17/12/2013 - 14:34

Development panels add to red tape: Scaffidi

17/12/2013 - 14:34

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Development panels add to red tape: Scaffidi
City of Perth Lord Mayor Lisa Scaffidi.

The City of Perth has lashed out at the Development Assessment Panel system, saying it creates, rather than reduces, red tape in the planning approvals process.

DAPs have been in place since May 2011, established as part of the state government’s efforts to streamline the approvals process.

Under the regime, applications exceeding $15 million within the City of Perth are automatically sent to a DAP for assessment, while the threshold is $7 million in other local government areas.

City of Perth Lord Mayor Lisa Scaffidi said there were 17 applications determined by the central metropolitan DAP in 2012-13, with the length of time taken to determine the applications ranging from 74 days to 120 days.

When the DAPs were introduced, a maximum 90-day target was touted for development assessment.

Ms Scaffidi said the panels also endorsed the council's recommendations in all instances, with only minor modifications to the wording of some conditions.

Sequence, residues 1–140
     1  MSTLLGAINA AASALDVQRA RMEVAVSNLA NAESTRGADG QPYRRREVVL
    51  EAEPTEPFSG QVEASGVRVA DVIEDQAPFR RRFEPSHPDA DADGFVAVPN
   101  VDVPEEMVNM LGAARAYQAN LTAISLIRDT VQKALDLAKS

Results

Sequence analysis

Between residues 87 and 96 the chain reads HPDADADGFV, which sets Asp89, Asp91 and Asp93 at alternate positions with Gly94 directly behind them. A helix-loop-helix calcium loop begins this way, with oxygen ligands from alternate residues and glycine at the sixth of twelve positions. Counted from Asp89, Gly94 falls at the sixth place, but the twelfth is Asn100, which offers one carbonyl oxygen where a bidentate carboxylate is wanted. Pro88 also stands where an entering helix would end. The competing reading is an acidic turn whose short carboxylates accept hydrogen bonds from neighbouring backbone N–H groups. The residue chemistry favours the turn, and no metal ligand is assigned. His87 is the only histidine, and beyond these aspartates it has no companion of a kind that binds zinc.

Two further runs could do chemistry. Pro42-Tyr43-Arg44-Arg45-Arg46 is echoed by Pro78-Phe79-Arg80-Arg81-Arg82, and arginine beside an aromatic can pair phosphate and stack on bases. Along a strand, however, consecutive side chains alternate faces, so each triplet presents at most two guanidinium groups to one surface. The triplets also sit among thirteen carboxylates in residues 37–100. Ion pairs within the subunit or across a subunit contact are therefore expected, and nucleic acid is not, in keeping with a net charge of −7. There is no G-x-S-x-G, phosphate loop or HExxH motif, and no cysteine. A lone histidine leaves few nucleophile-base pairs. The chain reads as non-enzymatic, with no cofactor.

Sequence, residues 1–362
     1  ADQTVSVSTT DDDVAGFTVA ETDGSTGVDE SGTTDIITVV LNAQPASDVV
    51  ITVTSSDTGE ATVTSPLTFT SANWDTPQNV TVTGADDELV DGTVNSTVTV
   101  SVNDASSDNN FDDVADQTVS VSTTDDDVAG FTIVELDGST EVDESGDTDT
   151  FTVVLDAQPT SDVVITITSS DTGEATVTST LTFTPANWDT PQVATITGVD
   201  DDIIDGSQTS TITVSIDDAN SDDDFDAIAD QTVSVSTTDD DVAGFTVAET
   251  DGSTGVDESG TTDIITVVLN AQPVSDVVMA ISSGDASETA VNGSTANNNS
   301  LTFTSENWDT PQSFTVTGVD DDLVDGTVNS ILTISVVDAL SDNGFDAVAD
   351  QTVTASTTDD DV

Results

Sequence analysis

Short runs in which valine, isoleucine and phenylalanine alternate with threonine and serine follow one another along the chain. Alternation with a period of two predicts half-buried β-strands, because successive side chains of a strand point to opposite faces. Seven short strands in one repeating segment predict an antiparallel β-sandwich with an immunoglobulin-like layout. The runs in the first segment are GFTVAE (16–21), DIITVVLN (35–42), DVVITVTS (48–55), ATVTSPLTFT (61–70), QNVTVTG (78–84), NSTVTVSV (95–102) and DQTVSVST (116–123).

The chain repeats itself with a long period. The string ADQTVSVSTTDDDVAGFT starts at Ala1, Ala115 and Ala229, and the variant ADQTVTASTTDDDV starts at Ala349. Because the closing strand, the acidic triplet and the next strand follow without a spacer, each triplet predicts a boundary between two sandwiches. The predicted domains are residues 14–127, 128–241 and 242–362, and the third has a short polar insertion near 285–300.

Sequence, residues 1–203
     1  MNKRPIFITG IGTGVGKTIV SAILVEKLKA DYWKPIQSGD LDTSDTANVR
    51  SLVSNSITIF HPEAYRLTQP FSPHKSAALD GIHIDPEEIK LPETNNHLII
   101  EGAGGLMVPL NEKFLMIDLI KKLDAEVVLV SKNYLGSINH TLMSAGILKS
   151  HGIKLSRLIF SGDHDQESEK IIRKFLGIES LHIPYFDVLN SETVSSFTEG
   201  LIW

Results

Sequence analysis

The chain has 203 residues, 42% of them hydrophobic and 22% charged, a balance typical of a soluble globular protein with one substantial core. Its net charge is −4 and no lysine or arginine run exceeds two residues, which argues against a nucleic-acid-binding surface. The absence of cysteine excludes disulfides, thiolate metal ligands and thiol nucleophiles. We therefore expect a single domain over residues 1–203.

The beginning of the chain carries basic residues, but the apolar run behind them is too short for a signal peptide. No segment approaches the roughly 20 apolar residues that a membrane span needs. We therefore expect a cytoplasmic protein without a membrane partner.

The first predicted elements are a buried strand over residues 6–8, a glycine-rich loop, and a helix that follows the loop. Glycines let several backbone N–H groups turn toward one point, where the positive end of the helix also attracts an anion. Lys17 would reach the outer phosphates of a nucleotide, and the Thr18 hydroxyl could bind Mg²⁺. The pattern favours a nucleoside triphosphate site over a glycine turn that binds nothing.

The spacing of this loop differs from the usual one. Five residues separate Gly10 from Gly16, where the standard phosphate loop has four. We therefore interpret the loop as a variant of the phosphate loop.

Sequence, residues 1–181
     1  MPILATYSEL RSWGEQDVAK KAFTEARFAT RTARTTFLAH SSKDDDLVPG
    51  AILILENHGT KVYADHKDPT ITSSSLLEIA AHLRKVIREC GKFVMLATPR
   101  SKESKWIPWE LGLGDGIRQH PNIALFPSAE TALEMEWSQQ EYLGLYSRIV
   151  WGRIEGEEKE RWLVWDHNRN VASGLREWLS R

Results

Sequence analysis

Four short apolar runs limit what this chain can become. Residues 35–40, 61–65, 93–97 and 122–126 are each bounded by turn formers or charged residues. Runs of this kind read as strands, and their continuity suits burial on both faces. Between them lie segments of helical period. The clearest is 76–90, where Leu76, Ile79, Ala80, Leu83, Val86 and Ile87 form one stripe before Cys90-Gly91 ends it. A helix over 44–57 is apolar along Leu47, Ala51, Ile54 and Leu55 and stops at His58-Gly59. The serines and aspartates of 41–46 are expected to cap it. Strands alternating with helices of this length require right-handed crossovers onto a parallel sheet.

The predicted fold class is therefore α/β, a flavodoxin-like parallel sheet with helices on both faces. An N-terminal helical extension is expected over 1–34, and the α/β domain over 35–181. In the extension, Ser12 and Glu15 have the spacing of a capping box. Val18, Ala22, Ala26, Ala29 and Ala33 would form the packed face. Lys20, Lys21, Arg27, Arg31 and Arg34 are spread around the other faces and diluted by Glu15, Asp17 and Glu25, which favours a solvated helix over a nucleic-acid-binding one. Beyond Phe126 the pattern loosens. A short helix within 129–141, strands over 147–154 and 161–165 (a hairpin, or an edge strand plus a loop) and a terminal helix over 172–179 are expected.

“It is evident from this assessment that the DAP process has not added any value, efficiencies or effectiveness to the development application assessment process in the city," Ms Scaffidi said.

“Instead, it has added costs, complexities and administrative burdens to outcomes that are likely to have been arrived at by the council within similar timeframes.

"It also needs to be borne in mind that it is the city's planning staff who do the work of preparing reports to the DAP, so there is no benefit in terms of reduced workload."

Ms Scaffidi also called for the $15 million threshold to be raised or scrapped altogether, while also proposing developers be given a choice to have their applications heard by a DAP or the council.

“The main focus of DAPs is said to be in determining applications that are considered to be ‘significant or complex’,” she said.

“However, establishing mandatory dollar value thresholds based on arbitrary values of development is not a satisfactory way to determine whether a development proposal is significant or complex.

“The council believes the mandatory threshold for the city is too low in the context of inner city development and that it should be raised to $100 million if thresholds are to remain.”

Ms Scaffidi's call echoes sentiments shared by Town of Cambridge Mayor Simon Withers in March this year.

Mr Withers said the panels would be improved if developers could choose to use them or local councils.

At the time, Mr Withers said putting a development through a council was far superior to assessment by a DAP.

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